1. Bulletproof Sleep Induction Mat
      This is my favorite product. It looks like a bed of nails. Ok it is a bed of nails. The mat stimulates acupressure points in the back to trigger relaxation, release endorphins and increase blood circulation. It feels great and “hurts” just enough to stop the mind from racing.

    1. Bulletproof Sleep Mode Supplement
      Most over the counter supplements contain too high a dose of Melatonin. Over time they can deplete your body’s ability to produce its own. This is a combination product of bio identical Melatonin, L-Ornithine and Brain Octane oil designed to put the brain into sleep mode. I recommend taking this with an over the counter Magnesium supplement.

    1. Daily Exercise
      Get your steps in. We all make a million excuses why we can not exercise. The truth is we all need to commit to this key health habit. Start with something simple like walking around the block. Do it everyday. Set an easily achievable goal that you can stick with over a long period of time. As exercise gets easier you can increase your goal. The key step is to set the bar low enough that your excuses to NOT exercise just seem silly. I remember telling myself one time “I can’t exercise today because I would have to change my shoes.” #badexcuse

    1. Dodow
      Dodow is a LED light metronome that helps you relax. A glowing, pulsating blue light is projected on the ceiling. You coordinate your breathing to the dynamic light changes. I find it extremely calming and peaceful.

    1. Read a book
      Fill your time before sleeping with a book. Reading books expands your mind and opens you up to new ways of thinking. Reading even a few minutes a day can help calm your mind and prepare it for sleep. If you read for just 10 minutes a day you can complete on average 10 books a year. Reading can be life changing. Here are a few of most recent favorites:

Get inspired with The Seed by Jon Gordon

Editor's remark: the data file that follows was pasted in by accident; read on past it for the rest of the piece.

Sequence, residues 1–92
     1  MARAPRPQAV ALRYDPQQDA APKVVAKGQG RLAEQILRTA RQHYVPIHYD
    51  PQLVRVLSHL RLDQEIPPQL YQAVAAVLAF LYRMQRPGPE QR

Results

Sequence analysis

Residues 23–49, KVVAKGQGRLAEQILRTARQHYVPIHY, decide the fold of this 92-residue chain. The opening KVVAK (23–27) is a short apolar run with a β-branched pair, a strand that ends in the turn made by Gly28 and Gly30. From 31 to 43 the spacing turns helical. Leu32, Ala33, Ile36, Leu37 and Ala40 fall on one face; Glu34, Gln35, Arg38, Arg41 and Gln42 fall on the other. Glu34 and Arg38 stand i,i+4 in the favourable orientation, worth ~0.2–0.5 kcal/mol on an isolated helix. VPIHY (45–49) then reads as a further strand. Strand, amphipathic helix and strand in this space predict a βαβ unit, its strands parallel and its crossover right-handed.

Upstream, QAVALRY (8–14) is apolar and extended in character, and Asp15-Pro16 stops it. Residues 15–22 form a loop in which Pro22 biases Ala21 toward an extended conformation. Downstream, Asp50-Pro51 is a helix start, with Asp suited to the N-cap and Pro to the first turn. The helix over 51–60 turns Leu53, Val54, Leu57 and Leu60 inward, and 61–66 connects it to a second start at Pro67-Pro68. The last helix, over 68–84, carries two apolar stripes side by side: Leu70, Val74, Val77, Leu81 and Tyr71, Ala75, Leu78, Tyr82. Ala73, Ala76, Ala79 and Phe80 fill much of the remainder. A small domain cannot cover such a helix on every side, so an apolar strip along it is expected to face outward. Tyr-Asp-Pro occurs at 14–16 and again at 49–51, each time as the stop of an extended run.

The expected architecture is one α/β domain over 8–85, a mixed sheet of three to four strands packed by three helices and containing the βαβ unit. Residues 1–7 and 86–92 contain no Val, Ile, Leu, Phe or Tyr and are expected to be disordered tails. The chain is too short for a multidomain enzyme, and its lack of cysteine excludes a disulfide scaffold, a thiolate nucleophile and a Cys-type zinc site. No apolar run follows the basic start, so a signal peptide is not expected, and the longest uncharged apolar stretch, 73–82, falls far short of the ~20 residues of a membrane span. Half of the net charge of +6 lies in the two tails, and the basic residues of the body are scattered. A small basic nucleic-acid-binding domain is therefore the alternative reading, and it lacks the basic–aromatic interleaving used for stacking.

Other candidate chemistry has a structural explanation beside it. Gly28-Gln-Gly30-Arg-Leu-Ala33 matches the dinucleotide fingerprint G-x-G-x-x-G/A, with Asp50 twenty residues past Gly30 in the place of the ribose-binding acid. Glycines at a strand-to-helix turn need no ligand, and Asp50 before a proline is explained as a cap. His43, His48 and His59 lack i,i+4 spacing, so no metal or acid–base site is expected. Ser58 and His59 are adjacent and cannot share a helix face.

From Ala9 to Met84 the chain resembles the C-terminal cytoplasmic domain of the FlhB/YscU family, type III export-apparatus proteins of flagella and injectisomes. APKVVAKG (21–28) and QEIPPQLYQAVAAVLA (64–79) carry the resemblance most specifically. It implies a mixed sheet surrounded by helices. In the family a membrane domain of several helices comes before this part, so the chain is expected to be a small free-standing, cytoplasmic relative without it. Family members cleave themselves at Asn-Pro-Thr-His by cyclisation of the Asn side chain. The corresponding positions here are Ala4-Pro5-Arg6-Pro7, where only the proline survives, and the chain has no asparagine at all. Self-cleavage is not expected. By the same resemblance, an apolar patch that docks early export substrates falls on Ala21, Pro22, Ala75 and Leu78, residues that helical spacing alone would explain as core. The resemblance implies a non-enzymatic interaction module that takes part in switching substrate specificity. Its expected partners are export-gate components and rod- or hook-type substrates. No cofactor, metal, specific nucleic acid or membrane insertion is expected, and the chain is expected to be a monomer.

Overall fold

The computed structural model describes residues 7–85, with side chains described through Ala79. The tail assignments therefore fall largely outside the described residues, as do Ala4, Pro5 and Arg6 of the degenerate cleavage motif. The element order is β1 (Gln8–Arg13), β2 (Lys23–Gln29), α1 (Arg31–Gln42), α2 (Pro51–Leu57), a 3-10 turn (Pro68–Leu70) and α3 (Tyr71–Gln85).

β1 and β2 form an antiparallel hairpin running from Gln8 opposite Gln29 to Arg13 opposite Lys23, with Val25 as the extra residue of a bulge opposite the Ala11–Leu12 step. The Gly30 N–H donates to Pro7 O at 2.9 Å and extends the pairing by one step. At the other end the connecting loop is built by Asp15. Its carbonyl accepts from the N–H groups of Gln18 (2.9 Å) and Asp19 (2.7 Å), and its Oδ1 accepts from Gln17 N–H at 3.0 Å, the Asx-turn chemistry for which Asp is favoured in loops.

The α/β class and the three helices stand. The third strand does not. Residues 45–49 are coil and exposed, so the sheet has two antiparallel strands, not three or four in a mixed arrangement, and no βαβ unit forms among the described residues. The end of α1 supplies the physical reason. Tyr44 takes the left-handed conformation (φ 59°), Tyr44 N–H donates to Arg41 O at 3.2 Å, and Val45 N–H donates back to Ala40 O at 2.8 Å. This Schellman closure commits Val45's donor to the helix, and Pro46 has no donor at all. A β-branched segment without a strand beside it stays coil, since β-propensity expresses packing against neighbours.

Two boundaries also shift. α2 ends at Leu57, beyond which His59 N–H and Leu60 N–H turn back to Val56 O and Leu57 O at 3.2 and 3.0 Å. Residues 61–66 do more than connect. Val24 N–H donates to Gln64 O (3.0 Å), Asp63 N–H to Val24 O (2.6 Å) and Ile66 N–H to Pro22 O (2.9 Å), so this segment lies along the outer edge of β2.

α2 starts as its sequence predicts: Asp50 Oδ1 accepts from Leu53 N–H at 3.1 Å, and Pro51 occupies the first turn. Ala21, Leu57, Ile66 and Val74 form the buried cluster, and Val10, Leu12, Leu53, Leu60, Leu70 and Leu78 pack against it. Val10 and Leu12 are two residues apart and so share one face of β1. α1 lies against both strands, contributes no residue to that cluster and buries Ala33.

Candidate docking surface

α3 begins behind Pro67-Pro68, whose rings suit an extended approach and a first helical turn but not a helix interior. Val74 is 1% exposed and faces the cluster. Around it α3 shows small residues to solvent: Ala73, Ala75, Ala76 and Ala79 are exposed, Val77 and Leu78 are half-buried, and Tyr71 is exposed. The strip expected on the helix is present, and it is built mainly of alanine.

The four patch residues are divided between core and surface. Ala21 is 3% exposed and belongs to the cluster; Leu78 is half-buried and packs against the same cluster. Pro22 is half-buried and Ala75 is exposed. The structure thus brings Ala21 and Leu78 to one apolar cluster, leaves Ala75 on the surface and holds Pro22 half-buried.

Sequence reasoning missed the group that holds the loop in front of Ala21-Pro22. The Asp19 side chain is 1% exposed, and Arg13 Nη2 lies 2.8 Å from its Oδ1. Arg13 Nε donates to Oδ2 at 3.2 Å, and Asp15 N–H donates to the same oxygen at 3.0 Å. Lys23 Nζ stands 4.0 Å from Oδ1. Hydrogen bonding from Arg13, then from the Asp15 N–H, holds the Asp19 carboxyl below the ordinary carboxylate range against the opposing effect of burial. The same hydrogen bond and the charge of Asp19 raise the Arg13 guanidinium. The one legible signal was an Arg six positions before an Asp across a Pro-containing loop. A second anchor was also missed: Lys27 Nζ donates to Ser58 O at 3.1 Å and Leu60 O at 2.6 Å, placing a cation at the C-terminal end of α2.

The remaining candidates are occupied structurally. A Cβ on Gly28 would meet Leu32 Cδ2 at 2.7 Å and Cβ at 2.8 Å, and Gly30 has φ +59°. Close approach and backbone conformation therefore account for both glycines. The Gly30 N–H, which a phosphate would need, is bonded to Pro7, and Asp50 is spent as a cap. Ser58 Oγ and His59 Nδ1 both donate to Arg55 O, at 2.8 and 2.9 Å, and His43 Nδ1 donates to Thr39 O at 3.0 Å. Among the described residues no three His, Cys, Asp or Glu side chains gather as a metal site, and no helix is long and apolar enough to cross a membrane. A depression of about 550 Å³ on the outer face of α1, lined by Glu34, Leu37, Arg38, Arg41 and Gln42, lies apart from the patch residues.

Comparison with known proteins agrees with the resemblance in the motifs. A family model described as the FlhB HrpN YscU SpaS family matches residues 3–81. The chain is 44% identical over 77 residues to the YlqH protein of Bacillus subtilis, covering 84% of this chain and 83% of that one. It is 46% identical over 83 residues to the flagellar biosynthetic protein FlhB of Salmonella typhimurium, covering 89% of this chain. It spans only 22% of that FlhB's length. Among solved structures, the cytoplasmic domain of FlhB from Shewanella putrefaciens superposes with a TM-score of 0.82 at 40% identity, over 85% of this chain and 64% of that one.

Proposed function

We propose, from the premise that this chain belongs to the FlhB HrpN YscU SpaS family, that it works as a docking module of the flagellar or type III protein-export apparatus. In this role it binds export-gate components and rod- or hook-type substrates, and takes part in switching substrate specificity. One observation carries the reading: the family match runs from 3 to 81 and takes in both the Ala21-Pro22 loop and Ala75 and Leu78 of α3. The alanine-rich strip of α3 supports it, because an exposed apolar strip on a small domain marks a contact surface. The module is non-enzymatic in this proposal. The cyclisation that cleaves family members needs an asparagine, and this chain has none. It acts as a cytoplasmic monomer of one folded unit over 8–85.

Get Motivated with The Miracle Equation by Hal Elrod

Got Focused with The One Thing by Gary Keller

Get life started with The Compound Effect by Darren Hardy

The links above are tied to Amazon. Proceeds generated are donated to the Irving ISD Teen Parenting program, a drop out prevention program for students who are pregnant or parenting

Thank you to Live Your Life on Purpose for publishing this a article on Medium.

Control de la natalidad y contracepcion

¿Ya no desea más hijos? ¿Está completa su familia? ¿Está cansado de lidiar con el control de la natalidad? ¿Sabía que hay una opción permanente donde usted puede tomar el control y no preocuparse por volver a quedar embarazada?


    Birth Control Options

    A great video of Dr. Livingston covering lots of different birth control options.

    The Power of One

    You Got Pregnant, What’s Next? How To Beat The Odds And Live A Successful Life

    Dr. Jeff MacArthur Inspires Young Women Who Are Dealing With Unplanned Pregnancy

    Your life has a ripple effect. You can make choices today that set you on the path for happiness, success and an abundant life.

    Our lives are like a ripple effect. One action can make a big impact. We all have the power to make choices that affect not just ourselves but all those around us, including our future family. With our one life, let us make good choices.